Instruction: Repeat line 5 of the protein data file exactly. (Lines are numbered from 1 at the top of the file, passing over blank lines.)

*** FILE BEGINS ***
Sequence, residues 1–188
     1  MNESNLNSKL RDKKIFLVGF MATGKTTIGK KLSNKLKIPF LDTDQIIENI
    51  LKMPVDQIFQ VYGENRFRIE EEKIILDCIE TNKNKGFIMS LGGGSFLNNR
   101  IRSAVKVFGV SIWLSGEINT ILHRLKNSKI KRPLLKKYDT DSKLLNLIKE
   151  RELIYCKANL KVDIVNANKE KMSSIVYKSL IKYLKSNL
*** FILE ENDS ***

   151  RELIYCKANL KVDIVNANKE KMSSIVYKSL IKYLKSNL